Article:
FIELD

This invention generally relates to an industrial machine, such as an electric rope or power shovel, and, more particularly, to an extended reach and a control for the extended reach for an industrial machine.

SUMMARY

Industrial machines, such as electric rope or power shovels, draglines, etc., are used to execute digging operations to remove material from, for example, a bank of a mine. An operator controls a rope shovel during a dig operation or phase to load a dipper with materials. The operator deposits the materials in the dipper into a hopper or a truck during a truck loading or truck spotting phase. After unloading the materials, the dig cycle continues, and the operator swings the dipper back to the bank to perform additional digging during a return to tuck phase.

The dipper is connected to a pivotable handle, which is attached to a boom. Multiple hoist cables and motors are used to raise and lower the dipper and extend and retract (i.e., crowd extension or retraction) the dipper. The length of the handle supporting the dipper defines the reach of the dipper, and, in existing shovels, the entire length of the handle can be used to perform each phase of the dig cycle. However, for some phases, additional reach of the dipper may be advantageous and may lead to an improved dig cycle. To provide this extended reach, the length of the handle can be extended. However, the length of the handle may be limited based on the position of hoist cables or other components of the shovel. Furthermore, for some phases of the dig cycle, extended reach of the dipper may be unnecessary, inefficient, etc. and/or create excessive loading in the structure of the machine.

Therefore, independent embodiments of the invention may allow for optimal dipper extension during the digging phase while extending available dipper reach during the truck loading or spotting phase to, for example, aid the shovel operator in properly filling the truck. For example, one independent embodiment extends the available reach of the dipper during the truck loading phase. In some embodiments, this extended reach is accomplished without extending the effective length of the handle, which often results in interference with other components of the shovel. Some embodiments use a modified handle design and geometry that includes an unsymmetrical chamfer on the handle end in place of a symmetrical rounded end.

In one independent aspect, a method of controlling an industrial machine may be provided. The industrial machine including a dipper supported by a dipper handle. The method may generally include determining an operating phase of the industrial machine, in a first operating phase of the industrial machine, limiting, with at least one controller, a reach of the dipper handle, and in a second operating phase of the industrial machine, enabling, with the at least one controller, an extended reach of the dipper handle greater than the reach in the first operating phase.

In another independent aspect, an industrial machine, such as a shovel, may generally include a dipper handle, a dipper supported by the dipper handle, and at least one controller configured to determine an operating phase of the industrial machine, in a first operating phase of the industrial machine, limit a reach of the dipper handle, and in a second operating phase of the industrial machine, enable an extended reach of the dipper handle greater than the reach in the first operating phase.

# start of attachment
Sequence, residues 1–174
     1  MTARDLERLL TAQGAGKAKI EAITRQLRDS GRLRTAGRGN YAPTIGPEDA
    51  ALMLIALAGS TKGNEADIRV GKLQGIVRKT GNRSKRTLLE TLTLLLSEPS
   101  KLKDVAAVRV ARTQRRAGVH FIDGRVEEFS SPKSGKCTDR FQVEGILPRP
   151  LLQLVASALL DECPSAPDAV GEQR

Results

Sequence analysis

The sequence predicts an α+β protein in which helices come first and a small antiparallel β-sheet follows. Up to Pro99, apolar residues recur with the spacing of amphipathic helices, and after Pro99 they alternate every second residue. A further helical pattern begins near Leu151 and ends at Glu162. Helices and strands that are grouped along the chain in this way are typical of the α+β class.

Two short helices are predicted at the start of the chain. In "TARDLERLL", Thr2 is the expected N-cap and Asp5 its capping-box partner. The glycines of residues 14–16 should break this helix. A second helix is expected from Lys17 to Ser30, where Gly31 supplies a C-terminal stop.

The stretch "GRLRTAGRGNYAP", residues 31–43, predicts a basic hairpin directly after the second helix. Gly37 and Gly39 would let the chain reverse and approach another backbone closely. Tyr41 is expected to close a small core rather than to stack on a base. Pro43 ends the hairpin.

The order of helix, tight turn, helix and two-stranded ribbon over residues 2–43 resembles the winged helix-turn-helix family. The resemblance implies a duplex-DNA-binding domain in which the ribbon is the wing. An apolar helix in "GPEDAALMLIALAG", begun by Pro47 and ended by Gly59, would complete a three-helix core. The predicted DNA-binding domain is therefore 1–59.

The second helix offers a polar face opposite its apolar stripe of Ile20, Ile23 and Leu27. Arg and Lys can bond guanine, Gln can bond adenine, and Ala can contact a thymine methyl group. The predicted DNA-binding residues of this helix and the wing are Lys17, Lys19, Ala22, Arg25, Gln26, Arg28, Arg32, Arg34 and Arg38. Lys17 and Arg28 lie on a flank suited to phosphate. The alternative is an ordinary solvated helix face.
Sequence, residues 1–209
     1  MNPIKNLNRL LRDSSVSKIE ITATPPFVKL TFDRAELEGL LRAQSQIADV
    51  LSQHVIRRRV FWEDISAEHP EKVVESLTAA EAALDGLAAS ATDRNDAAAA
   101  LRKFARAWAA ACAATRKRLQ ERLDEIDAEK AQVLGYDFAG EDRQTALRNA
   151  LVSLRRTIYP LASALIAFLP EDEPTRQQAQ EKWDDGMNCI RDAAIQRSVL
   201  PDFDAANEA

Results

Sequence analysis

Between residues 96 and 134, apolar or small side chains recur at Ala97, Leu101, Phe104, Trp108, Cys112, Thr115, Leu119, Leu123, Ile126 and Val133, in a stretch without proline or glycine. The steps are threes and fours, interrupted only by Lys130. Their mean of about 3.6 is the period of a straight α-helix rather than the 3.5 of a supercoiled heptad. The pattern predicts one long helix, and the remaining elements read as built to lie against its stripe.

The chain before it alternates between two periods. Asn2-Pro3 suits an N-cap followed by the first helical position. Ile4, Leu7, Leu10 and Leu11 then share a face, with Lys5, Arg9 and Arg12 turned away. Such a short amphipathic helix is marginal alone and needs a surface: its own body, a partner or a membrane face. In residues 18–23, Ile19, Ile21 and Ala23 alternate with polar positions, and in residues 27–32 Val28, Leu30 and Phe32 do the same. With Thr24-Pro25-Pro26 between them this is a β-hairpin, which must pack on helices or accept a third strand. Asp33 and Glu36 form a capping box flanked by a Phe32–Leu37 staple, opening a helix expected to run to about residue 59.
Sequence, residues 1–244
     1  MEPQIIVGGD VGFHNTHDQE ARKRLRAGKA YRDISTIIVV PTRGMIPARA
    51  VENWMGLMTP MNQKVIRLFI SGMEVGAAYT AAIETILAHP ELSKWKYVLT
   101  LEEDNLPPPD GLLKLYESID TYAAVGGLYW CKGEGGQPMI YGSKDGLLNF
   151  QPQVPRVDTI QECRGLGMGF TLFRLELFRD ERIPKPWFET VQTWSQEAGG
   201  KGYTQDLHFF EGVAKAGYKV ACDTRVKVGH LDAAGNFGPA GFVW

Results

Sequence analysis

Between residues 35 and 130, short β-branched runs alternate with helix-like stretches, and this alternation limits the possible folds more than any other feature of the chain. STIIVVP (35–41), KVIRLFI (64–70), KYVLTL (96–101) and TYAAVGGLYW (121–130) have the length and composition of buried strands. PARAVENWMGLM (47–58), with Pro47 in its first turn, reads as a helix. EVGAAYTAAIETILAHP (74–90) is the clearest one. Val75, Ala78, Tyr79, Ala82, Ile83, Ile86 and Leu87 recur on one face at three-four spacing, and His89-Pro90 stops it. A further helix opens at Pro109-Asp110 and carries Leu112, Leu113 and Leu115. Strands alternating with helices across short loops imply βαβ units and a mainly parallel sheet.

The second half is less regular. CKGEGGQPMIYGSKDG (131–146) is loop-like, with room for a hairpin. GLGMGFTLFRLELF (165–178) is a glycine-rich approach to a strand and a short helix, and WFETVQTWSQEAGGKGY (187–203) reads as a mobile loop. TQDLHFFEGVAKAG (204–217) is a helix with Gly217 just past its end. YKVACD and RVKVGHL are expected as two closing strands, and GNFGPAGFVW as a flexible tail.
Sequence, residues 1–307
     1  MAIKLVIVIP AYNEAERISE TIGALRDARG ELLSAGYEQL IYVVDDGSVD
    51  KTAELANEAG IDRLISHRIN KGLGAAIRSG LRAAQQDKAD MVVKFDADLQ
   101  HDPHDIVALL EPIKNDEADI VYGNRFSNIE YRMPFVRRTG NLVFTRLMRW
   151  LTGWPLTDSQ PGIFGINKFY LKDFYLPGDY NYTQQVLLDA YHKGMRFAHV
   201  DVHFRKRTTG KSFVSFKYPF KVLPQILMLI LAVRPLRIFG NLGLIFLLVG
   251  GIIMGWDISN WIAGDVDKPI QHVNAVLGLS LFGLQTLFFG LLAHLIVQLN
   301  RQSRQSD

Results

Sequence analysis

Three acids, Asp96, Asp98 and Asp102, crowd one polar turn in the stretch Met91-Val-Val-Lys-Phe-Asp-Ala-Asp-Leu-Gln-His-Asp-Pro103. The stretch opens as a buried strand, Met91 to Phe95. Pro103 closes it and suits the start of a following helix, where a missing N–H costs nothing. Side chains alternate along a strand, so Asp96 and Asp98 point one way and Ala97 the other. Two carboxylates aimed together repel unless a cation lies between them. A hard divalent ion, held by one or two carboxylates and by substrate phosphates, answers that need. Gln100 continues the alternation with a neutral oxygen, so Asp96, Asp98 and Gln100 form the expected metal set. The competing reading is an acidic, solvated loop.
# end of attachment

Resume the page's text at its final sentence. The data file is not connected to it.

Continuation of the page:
In yet another independent aspect, an assembly for an industrial machine, such as a shovel, may be provided. The assembly may generally include a dipper handle operable to support a dipper, the dipper handle having an end surface defining a first mounting position and a second mounting position, and a bracket having a first surface engageable against the end surface and an opposite, second surface, a first lifting opening being provided on the second surface, the bracket having a first end defining a guide surface and an opposite, second end, a second lifting opening being provided on the second end, the bracket being selectively connectable to the end surface of the dipper handle in the first mounting position in a first orientation relative to the dipper handle and in the second mounting position in a second orientation relative to the dipper handle.

Other independent aspects of the invention will become apparent by consideration of the detailed description and accompanying drawings.

BRIEF DESCRIPTION OF THE DRAWINGS

FIG. 1A illustrates a shovel according to an independent embodiment of the invention during a loading phase.

FIG. 1B is a view of an alternative construction of a shovel during a truck loading phase.

FIG. 2 illustrates a controller for the shovel of FIGS. 1A-1B.

FIG. 3 is a flow chart illustrating a control method executed by the controller of FIG. 2.

FIG. 4 graphically illustrates limiting bail pull.

FIG. 5A is a perspective view of a portion of a modified handle for the shovel of FIGS. 1A-1B and of a portion of an existing handle.

FIG. 5B is another perspective view of the portion of the modified handle shown in FIG. 5A.

FIG. 5C is a side view of the existing handle shown in FIG. 5A.

FIGS. 6A-6C are views of a portion of the shovel of FIG. 1B.

FIG. 7A is a side view of a portion of another alternative construction of a shovel and illustrating limited reach of a dipper handle during a digging phase.

FIG. 7B is an enlarged perspective view of a portion of the shovel shown in FIG. 7A.

FIG. 7C is an enlarged view of the portion of the shovel shown in FIG. 7B with components removed to illustrate the limited reach of the dipper handle during the digging phase.

FIG. 8A is a side view of the portion of the shovel shown in FIG. 7A and illustrating extended reach of the handle during a loading phase.